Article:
In the middle of the night on Thursday Sep. 9, North Korea celebrated the nation’s 73rd anniversary, overseen by leader Kim Jong-un. This year’s parade, however, did not include a speech from Kim, ballistic missile or a televised taped broadcast on state TV.
The Korean Central News Agency (KCNA), the state news agency, said fighter jets flew in formation above the midnight parade at Kim Il-sung Square in Pyongyang, and some conventional weapons were on display throughout the event, the Guardian reported.
The parade also included virus workers in orange hazmat suits and gas masks, which may have been aimed at symbolizing to the international community that the isolated country had created a special force to help prevent the spread of COVID-19, CBS and BBC reported.
The event also featured fire trucks, tractors, military dogs, with a parade of laborers, police officers, research units and factory and health workers down the street.
As there was no speech from Kim nor the usual display of long-range ballistic missiles, analysts say this year’s parade may have been used to boost the country’s morale rather than boasting to the international community.
Due to the pandemic, Kim severed almost all of the country’s ties with the outside world in 2020 to prevent the entry of coronavirus. To date, the country has not reported a single case of the virus, CNN reported.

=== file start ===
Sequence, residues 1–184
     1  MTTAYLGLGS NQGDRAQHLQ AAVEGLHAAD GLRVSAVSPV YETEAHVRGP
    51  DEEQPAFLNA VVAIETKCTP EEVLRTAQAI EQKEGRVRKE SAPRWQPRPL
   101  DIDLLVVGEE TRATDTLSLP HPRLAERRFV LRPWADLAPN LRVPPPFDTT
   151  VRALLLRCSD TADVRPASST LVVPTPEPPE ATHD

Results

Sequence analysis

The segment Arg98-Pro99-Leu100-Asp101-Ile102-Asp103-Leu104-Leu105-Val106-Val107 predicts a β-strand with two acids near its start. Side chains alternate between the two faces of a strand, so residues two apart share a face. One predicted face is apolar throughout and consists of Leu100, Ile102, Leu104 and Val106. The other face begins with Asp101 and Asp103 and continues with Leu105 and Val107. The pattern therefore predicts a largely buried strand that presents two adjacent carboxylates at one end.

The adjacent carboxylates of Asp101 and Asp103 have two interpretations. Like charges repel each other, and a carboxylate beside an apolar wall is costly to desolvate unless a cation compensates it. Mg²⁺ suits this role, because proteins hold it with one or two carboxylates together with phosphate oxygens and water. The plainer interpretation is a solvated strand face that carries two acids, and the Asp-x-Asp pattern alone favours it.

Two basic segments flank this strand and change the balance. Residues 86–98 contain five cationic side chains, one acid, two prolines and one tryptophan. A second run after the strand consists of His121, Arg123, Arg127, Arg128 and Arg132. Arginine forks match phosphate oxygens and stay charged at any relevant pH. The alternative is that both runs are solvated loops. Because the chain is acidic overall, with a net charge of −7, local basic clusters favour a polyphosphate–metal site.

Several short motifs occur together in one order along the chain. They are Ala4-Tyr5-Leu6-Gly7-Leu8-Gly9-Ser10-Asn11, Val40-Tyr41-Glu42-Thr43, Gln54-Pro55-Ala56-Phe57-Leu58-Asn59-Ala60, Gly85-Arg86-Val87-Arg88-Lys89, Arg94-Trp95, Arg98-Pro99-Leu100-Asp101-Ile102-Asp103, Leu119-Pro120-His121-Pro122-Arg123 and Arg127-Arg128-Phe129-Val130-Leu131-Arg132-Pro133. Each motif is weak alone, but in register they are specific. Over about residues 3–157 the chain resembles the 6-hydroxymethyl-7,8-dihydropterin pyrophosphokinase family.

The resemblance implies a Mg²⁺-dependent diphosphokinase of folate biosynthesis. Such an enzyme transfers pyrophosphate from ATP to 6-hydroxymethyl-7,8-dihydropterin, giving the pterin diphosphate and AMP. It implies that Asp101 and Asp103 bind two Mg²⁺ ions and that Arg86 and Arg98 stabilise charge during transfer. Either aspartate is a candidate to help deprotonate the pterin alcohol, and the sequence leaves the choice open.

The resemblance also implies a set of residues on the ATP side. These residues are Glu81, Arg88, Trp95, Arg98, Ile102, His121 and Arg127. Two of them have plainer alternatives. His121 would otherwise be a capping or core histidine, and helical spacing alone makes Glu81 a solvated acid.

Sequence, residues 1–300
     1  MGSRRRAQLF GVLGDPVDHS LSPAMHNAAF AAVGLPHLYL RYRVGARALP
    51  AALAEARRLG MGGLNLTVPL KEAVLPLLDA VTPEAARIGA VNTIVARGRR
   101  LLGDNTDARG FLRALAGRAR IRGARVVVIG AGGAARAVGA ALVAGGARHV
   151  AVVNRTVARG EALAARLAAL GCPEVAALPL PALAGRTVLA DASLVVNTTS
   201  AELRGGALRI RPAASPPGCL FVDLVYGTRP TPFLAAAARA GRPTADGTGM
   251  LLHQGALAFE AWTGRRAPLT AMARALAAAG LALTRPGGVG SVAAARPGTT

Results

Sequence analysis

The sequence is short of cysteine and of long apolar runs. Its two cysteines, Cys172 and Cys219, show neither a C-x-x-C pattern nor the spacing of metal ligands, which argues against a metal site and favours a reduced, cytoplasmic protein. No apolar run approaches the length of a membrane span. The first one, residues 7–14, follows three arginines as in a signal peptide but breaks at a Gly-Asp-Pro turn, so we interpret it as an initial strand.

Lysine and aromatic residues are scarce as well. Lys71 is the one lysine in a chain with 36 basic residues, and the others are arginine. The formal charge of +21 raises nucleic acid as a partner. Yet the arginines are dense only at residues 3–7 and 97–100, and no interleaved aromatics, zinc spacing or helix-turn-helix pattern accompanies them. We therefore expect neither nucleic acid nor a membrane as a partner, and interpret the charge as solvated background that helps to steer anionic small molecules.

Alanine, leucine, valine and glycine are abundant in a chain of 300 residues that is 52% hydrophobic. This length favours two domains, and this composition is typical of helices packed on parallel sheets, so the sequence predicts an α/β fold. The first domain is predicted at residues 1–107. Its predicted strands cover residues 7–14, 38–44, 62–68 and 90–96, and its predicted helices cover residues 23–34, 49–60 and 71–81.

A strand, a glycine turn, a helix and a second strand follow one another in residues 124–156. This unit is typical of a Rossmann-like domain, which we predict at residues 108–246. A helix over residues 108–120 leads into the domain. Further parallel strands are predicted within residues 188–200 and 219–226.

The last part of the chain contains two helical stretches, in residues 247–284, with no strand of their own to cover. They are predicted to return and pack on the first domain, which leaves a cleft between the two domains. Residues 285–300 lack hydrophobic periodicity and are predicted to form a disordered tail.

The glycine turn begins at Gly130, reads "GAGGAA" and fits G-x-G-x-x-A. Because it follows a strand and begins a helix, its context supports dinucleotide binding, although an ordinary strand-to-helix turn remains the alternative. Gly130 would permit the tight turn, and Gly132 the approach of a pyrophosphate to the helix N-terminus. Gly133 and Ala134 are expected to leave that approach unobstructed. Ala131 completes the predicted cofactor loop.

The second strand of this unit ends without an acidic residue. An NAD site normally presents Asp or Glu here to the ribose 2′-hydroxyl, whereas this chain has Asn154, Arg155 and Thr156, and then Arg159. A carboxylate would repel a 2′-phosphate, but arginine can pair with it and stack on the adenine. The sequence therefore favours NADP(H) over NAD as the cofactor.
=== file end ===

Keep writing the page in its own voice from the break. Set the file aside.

The border closures further strained the country’s broken economy, and floods in recent summers made food shortages worse.
However, Kim showed no ounce of defeat and worry during the night as he showed off a slimmer body and was more energetic than he has been in years.
Wearing a cream-colored suit, he waved to the crowds from the balcony with a wide smile, hugging children among the unmasked crowds. He had repeatedly apologized to his people for the economic woes caused by the pandemic.
The perceived absence of strategic weapons and a clear focus on public security showed Kim was concentrating on domestic issues such as the pandemic and the nation’s economy, Yang Moo-jin, a professor at the University of North Korean Studied in Seoul, told The Guardian.
“The parade seems to be strictly designed as a domestic festival aimed at promoting national unity and solidarity of the regime,” Yang added.
Other experts claim the leader’s weight loss is likely a result of his efforts to improve his shape and health.
“It has become crucial for Kim to build an image as a young and vigorous leader who can navigate the country out of trouble,” Park Won-gon, a professor of North Korea studies at Seoul’s Ewha Womans University, told CBS.
During the parade, Ri Il Hwan, a member of the Political Bureau and secretary of the Central Committee of the Workers’ Party of Korea, said in his speech that North Korea will increase the size of the People’s Army and will ramp up its defense industries to turn “the whole country into a fortress,” CNN reported.